Ethan Hawke explores the personal and moral costs of fame and celebrity in his first novel in 20 years, “A Bright Ray of Darkness.” Hawke’s young narrator makes his Broadway debut in “Henry IV” as his personal life goes up in flames. Hawke has performed in more than 80 movies, directed a long list of plays and films, and recently portrayed the abolitionist John Brown in Showtime’s adaption of “The Good Lord Bird,” James McBride’s prize-winning novel. Hawke will talk about his own book virtually at 7 p.m. on Saturday, Feb. 20. Tickets are available from Harvard Book Store.
BOOKS: What have you been reading?
HAWKE: I just read Andre Gregory’s “This Is Not My Memoir.” I just loved it and was so happy for someone to be a flagrant intellectual. My business has been so consumed with commercial success. We really need people like Gregory in the theater.
BOOKS: Are memoirs by actors a regular part of your reading?
HAWKE: God no. I read a few biographies when I was a kid. I remember Alec Guinness’s “Blessings in Disguise” and David Dalton’s biography of James Dean, “The Mutant King.” The best memoir by an actor is Errol Flynn’s “My Wicked, Wicked Ways.” He recounts these outrageous tales about fighting in wars in Papua New Guinea and making love to heiresses on boats. My other favorites are Klaus Kinski’s “Uncut,” and David Carradine’s “Endless Highway.”
BOOKS: How would you describe yourself as a reader?
HAWKE: I have read only the first 20 pages of a ton of books. I’m the same way with plays and movies. My wife can’t believe it, but I often fall asleep in movies. It’s just that if something is not engaging to me, I instantly turn off. “The Good Lord Bird” was a book that did instantly grab me by the scruff. When I fall in love with a book like that, I feel like I’m making a friend. Then I will spend 18 months or 2 years looking for another friend.
BOOKS: What are some of the books that have been your “friends”?
HAWKE: I’ve spent some of the pandemic rearranging my bookshelves and found my old copy of “All My Friends Are Going to Be Strangers,” an early Larry McMurtry novel. It’s incredible. I love McMurtry. If you want reading to be fun, read “Lonesome Dove.” Right before the pandemic, I did the audio book of Jack Kerouac’s “The Dharma Bums,” which, to my shock, holds up. That book meant so much me at 19, and to read it at 50 was like time traveling back to my teenage brain. I thought I’d roll my eyes at my younger self, but I didn’t.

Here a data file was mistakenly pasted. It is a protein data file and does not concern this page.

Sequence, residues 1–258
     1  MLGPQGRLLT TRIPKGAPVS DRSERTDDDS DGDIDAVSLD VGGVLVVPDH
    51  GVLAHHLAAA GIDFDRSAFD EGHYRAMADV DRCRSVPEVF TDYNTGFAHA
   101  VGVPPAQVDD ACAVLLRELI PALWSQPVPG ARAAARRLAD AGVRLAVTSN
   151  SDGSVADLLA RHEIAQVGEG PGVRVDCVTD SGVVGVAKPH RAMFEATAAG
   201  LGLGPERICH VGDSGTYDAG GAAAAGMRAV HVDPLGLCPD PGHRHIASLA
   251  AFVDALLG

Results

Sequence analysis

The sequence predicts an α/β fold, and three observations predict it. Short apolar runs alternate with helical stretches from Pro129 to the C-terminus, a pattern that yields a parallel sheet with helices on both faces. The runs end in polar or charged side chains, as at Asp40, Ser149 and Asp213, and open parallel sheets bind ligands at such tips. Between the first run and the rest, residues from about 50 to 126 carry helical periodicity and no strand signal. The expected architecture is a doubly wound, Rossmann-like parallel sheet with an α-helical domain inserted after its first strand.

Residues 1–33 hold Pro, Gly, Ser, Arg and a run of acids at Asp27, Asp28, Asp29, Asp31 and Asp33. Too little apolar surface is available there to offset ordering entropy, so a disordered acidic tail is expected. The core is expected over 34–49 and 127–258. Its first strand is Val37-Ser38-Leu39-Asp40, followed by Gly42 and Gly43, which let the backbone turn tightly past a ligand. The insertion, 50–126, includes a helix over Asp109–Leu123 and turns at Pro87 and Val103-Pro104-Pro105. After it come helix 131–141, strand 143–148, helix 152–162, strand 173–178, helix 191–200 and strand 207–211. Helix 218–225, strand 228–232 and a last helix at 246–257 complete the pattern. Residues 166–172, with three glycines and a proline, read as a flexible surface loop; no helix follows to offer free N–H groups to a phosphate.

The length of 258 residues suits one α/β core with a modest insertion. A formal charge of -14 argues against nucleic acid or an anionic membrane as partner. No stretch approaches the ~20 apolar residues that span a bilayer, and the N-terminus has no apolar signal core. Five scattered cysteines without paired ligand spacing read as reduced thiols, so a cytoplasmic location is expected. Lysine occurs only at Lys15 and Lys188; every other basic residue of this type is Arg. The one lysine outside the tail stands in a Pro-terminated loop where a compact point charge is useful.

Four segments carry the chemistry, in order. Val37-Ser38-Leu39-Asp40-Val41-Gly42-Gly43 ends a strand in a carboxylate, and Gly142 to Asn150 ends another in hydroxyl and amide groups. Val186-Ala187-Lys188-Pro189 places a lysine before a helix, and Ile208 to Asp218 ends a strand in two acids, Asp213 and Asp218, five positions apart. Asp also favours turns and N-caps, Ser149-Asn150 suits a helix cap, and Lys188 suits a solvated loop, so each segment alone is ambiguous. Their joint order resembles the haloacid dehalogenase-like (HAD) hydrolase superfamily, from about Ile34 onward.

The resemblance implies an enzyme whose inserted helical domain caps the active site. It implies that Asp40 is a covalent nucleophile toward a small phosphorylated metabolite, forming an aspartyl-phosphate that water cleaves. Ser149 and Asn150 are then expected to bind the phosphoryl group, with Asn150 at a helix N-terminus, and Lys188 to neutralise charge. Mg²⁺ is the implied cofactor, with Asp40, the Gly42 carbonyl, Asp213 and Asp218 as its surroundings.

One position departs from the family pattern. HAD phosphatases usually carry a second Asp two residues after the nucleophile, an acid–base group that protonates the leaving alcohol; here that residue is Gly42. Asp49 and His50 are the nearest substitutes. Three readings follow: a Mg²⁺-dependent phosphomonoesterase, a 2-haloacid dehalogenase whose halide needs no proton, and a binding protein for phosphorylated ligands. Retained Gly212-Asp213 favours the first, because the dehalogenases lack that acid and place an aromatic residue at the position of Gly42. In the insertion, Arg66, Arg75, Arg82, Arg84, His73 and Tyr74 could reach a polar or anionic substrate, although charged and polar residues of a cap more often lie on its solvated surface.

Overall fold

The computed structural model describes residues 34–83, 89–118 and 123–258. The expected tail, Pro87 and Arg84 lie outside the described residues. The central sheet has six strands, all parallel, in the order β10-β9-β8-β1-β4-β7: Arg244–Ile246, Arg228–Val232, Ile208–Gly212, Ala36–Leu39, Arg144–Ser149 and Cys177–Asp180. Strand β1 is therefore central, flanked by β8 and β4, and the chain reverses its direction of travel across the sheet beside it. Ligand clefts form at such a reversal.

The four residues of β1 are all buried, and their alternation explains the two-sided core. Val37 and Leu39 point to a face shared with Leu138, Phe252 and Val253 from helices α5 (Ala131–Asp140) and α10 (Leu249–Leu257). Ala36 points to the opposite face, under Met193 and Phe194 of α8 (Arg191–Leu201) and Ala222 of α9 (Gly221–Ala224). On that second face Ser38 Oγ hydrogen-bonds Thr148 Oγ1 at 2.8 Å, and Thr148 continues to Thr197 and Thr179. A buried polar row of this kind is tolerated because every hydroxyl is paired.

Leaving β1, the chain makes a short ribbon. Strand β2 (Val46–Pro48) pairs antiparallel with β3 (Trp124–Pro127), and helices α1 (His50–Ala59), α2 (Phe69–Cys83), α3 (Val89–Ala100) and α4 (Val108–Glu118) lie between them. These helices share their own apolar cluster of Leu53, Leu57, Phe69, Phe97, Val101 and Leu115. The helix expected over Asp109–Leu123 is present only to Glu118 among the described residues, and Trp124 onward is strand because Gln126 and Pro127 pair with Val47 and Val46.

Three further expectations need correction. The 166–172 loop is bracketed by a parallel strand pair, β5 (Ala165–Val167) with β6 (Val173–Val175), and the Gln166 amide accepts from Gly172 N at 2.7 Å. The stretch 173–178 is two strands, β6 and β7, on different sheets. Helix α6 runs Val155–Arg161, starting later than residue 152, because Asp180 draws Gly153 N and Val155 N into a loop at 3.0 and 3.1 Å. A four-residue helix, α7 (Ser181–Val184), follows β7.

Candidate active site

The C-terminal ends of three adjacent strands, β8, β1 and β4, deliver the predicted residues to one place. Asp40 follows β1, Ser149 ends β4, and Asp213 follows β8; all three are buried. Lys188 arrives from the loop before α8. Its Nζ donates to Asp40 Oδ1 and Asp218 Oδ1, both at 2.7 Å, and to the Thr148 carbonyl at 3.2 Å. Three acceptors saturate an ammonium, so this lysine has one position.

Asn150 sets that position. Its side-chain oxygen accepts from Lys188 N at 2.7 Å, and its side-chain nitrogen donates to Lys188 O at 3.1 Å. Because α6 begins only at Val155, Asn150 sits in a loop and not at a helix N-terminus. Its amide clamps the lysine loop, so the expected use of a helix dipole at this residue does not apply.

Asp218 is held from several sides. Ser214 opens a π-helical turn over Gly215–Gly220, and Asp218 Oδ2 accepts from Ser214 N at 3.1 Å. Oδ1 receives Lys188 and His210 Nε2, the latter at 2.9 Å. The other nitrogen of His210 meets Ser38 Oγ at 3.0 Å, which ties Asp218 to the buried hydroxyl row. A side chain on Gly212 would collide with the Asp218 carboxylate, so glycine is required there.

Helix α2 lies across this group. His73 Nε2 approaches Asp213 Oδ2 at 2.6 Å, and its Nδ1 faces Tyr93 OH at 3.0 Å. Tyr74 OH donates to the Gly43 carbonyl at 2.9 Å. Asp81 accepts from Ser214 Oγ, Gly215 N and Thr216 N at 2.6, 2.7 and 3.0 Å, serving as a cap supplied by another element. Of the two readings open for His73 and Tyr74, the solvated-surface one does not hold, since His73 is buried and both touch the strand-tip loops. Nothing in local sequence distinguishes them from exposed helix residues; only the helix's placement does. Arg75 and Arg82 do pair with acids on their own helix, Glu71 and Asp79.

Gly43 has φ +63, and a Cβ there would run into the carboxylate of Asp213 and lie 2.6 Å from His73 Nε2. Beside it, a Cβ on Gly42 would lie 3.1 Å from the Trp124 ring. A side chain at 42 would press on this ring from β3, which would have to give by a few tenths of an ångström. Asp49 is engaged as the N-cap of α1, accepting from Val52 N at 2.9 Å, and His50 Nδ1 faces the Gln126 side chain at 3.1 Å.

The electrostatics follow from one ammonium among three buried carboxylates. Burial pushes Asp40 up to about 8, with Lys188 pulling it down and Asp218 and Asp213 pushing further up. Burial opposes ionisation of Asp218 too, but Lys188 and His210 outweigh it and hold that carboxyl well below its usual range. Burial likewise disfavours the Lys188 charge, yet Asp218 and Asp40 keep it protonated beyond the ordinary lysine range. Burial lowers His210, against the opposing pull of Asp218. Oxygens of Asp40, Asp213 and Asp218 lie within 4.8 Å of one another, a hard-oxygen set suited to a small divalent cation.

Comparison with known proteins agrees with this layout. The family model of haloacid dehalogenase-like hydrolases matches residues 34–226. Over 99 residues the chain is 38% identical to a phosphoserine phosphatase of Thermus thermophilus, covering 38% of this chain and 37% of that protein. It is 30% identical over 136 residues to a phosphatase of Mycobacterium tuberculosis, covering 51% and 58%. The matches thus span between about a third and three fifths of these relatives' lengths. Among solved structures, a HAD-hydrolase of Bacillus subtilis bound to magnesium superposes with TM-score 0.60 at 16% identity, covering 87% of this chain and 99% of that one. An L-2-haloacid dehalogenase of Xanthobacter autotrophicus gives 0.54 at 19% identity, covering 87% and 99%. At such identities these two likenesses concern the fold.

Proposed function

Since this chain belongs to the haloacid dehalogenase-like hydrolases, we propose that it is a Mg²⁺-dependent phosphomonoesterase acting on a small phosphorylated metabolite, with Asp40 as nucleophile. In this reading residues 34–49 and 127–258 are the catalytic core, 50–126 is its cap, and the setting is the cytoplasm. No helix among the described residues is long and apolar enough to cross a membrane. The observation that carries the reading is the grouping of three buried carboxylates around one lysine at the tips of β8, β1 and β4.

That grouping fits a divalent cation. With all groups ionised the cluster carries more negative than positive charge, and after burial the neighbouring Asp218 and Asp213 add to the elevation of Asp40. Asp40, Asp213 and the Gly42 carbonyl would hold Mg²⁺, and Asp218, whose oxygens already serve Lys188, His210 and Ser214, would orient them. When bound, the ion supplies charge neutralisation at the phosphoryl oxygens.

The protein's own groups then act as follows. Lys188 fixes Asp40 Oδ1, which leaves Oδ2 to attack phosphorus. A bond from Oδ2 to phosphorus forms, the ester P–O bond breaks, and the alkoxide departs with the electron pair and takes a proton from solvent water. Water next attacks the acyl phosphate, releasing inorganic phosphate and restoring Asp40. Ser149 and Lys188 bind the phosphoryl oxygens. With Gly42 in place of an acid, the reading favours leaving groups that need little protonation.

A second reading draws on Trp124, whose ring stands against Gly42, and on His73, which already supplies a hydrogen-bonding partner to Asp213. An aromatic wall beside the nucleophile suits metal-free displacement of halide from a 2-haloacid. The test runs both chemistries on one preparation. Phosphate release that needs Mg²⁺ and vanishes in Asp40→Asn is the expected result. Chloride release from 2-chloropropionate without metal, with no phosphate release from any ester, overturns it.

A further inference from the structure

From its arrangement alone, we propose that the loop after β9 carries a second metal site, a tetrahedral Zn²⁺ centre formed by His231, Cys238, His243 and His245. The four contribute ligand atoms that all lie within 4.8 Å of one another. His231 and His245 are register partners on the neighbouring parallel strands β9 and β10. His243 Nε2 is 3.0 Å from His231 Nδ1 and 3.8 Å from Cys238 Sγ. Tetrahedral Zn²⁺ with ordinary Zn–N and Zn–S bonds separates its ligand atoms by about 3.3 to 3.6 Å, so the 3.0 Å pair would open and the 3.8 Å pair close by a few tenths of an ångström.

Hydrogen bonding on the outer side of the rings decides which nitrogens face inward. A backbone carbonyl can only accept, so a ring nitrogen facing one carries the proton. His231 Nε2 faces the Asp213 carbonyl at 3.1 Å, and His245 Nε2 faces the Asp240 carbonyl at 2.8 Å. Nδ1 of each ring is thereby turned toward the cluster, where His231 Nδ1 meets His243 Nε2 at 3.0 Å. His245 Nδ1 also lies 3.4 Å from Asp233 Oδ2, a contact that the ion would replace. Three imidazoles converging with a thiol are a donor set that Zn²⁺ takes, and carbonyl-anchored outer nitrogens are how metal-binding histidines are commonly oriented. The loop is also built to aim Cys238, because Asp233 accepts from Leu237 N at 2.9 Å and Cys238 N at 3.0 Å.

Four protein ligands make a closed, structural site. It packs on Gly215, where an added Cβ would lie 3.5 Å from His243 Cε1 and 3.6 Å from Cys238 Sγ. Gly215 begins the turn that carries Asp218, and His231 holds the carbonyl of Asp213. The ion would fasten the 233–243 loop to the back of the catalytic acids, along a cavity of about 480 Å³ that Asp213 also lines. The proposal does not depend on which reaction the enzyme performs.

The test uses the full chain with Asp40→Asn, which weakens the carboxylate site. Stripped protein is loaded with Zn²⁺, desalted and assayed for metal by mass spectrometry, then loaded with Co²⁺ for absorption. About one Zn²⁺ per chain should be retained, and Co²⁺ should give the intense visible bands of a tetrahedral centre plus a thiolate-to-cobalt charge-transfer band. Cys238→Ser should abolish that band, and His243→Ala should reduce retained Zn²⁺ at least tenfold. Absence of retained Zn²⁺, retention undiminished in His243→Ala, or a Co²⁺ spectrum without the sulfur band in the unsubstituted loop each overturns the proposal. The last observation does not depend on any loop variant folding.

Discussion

BOOKS: What books did you read to play John Brown?
HAWKE: In my office I have a shelf full of books I read, some about Frederick Douglass and the Underground Railroad. Tony Horwitz’s “Midnight Rising” is incredible. So is Russell Banks’s novel based on Brown, “Cloudsplitter.” Ultimately my springboard into that character was McBride’s novel.
BOOKS: Do you read plays just to read them?
HAWKE: No because the second I like them, I start thinking of doing them. When the pandemic started we lit a fire and I cast my kids in “Waiting for Godot.” We did a reading, and that was so fun. No sooner did I do that, I then started planning a Zoom production of the play.
BOOKS: What kind of reader were you like growing up?
HAWKE: The kind who read about the Dallas Cowboys and preferred comic books. I loved the graphic novel of “Moby-Dick” but wouldn’t touch the actual book. I even had graphic novels of Shakespeare plays. I didn’t know what a book could do to you until I read “Catcher in the Rye” and then James Baldwin’s “Go Tell It on the Mountain.”
BOOKS: What’s on your to-read pile?
HAWKE: I want to read Wally Shawn’s new book of essays, “Night Thoughts,” because he’s in “Waiting for Godot.” I have Steinbeck’s “The Long Valley.” A friend of mine gave me a novel, “The Motel Life” by Willy Vlautin. I started “Texas By the Tail” by Jim Thompson and have “Wise Blood” by Flannery O’Connor. I also have Leonard Cohen’s “Book of Mercy,” Mikhail Lermontov’s “A Hero of Our Time,” a Thomas Merton’s poetry collection “Cables to the Ace” and about 15 copies of “Waiting for Godot.”